Eat those weeds!

A weed is considered “any wild plant growing where it is not valued”. How can you not value every bit of green that grows in the desert? Yes some plants command your respect by stabbing you when you are not paying attention, but the miracle is still evident. I consider every plant that grows to be a living illustration of fairy magick at work and I see Mother Nature smiling back at me every time I look at a plant.

I love weeds! Many plants that are commonly referred to as weeds are oftentimes our most beneficial healers. One way to take in the healing power of plants is to eat your weeds.  More specifically eat your cheeseweed! That’s right…cheeseweed, otherwise known as Malva parviflora, a sub-species of the mallow family. Look for the dark green leaves rounded in 5 to 7 sections with jagged edges. Soon after you will see the white, 5 petal flowers followed by disk-like fruits that resemble small cheese rounds. Hence the name, Cheeseweed.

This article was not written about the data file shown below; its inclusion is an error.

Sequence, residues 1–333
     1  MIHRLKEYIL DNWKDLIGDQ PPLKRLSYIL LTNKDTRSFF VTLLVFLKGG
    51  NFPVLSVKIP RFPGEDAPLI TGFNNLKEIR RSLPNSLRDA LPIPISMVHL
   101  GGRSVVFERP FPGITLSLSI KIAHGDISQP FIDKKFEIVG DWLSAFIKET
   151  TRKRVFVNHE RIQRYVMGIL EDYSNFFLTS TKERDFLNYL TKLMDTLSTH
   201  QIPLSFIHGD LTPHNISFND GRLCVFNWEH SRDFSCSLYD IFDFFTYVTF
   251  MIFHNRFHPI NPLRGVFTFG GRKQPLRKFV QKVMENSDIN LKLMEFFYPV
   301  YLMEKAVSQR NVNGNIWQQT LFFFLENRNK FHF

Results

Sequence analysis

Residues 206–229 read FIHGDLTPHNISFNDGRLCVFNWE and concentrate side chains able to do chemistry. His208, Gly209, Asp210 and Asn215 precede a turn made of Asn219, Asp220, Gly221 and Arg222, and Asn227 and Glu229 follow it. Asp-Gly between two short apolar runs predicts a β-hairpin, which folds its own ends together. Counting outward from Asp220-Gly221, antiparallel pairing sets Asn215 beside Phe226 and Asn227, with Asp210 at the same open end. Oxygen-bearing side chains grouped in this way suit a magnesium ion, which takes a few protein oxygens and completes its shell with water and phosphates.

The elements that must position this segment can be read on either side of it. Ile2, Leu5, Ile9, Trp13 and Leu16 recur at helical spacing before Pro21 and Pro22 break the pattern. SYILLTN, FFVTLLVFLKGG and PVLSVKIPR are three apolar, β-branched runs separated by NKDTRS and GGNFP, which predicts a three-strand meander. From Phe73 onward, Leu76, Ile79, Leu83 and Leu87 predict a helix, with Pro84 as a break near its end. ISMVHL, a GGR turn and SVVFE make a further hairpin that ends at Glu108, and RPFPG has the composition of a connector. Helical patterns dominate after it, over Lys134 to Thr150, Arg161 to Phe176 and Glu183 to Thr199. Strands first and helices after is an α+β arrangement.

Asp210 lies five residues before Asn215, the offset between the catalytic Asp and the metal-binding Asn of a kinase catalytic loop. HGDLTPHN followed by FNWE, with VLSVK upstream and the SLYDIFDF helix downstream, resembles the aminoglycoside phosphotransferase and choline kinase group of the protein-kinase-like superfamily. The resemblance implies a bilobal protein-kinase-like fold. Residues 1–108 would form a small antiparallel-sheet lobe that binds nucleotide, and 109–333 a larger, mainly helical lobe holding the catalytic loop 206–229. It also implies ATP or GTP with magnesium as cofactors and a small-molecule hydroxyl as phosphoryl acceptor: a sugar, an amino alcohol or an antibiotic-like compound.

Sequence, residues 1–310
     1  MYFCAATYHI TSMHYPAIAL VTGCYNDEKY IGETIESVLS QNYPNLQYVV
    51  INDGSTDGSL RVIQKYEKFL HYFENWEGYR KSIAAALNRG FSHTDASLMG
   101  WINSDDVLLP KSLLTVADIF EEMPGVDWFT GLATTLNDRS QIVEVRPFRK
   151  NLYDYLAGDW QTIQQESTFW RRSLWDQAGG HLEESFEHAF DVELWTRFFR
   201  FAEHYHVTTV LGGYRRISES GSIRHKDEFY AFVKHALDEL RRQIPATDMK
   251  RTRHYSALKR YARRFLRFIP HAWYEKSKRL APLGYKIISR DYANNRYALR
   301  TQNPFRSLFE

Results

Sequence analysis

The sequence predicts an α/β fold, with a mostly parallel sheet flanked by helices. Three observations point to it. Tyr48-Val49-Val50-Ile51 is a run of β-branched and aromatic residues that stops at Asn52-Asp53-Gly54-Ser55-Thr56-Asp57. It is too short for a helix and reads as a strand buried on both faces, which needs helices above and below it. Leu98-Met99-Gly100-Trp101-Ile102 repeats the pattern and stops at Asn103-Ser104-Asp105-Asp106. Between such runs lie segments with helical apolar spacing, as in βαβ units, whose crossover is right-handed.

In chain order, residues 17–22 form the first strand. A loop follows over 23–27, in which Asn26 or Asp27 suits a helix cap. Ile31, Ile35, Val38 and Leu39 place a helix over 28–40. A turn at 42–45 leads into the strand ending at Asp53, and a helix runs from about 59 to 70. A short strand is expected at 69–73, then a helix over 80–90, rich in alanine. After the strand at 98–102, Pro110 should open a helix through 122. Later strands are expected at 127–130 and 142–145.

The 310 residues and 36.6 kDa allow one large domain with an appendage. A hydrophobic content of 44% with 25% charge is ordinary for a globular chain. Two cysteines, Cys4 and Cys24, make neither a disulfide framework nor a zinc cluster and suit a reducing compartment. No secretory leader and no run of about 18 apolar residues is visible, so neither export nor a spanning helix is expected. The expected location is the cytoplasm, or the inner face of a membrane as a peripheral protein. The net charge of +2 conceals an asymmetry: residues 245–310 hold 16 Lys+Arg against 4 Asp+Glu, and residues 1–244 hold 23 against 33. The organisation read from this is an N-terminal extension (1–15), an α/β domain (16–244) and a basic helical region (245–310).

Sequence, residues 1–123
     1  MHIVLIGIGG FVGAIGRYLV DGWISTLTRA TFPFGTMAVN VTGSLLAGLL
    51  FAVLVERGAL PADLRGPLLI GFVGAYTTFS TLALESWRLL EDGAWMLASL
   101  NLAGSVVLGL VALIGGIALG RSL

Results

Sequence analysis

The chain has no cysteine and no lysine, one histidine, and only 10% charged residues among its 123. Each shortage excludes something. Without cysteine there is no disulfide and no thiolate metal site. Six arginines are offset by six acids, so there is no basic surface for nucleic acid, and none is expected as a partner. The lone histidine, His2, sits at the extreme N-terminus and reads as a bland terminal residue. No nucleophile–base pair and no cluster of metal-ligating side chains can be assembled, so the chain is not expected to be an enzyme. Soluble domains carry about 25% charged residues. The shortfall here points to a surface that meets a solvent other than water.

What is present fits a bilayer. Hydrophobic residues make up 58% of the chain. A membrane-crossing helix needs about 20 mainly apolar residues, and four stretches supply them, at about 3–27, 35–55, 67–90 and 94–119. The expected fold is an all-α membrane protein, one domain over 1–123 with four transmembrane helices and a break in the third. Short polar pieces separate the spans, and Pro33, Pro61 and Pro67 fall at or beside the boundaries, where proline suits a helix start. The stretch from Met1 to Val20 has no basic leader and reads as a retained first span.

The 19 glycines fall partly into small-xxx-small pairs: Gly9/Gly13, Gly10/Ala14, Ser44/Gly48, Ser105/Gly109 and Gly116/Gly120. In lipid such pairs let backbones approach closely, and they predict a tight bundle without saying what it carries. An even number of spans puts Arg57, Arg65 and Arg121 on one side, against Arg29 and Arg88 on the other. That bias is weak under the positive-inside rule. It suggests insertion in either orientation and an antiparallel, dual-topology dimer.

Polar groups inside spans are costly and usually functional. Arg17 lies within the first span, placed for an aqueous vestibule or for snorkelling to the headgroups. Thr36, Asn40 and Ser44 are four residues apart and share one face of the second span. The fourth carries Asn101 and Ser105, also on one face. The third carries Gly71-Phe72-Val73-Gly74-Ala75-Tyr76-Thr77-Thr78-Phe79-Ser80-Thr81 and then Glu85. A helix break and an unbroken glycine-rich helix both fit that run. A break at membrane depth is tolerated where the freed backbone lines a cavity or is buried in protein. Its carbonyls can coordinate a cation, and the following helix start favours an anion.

Medicinal uses of mallows can be traced back to Greece and Rome. Today we recognize the benefits as an anti-inflammatory for the respiratory and gastrointestinal systems as well as a gargle for irritations of the mouth and throat. Mallows are known for reducing mucous and boosting the immune system.

Cheeseweed Plant webThe many species of mallow are eaten all around the world, a treat in Chinese, Italian and French cuisine. While the leaves are slightly hairy and therefore an acquired taste raw, they are wonderful when steamed, fried or sautéed in olive oil. Chop up the leaves, sauté with oregano and garlic and add to scrambled eggs or in the body of an omelet. The fruits can be eaten raw in salads or cooked up like peas.

 

My favorite way to serve up this particular weed is Cheeseweed chips!

  1. Preheat an oven to 350 degrees F. Line a non insulated cookie sheet with parchment paper.
  2. Wash and thoroughly dry a batch of small to medium size leaves with a salad spinner.
  3. Drizzle cheeseweed with olive oil and sprinkle with sea salt.

Bake for 5 minutes, then rotate trays as the thin pieces of cheeseweed will quickly brown in your oven’s hot spots. Check again after 3 minutes. You want them to be crisp but not brown.

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